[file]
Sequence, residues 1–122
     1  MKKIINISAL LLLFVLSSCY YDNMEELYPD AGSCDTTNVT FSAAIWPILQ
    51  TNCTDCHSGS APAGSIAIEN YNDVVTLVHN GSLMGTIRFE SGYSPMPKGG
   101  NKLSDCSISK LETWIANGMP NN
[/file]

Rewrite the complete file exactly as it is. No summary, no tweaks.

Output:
Sequence, residues 1–122
     1  MKKIINISAL LLLFVLSSCY YDNMEELYPD AGSCDTTNVT FSAAIWPILQ
    51  TNCTDCHSGS APAGSIAIEN YNDVVTLVHN GSLMGTIRFE SGYSPMPKGG
   101  NKLSDCSISK LETWIANGMP NN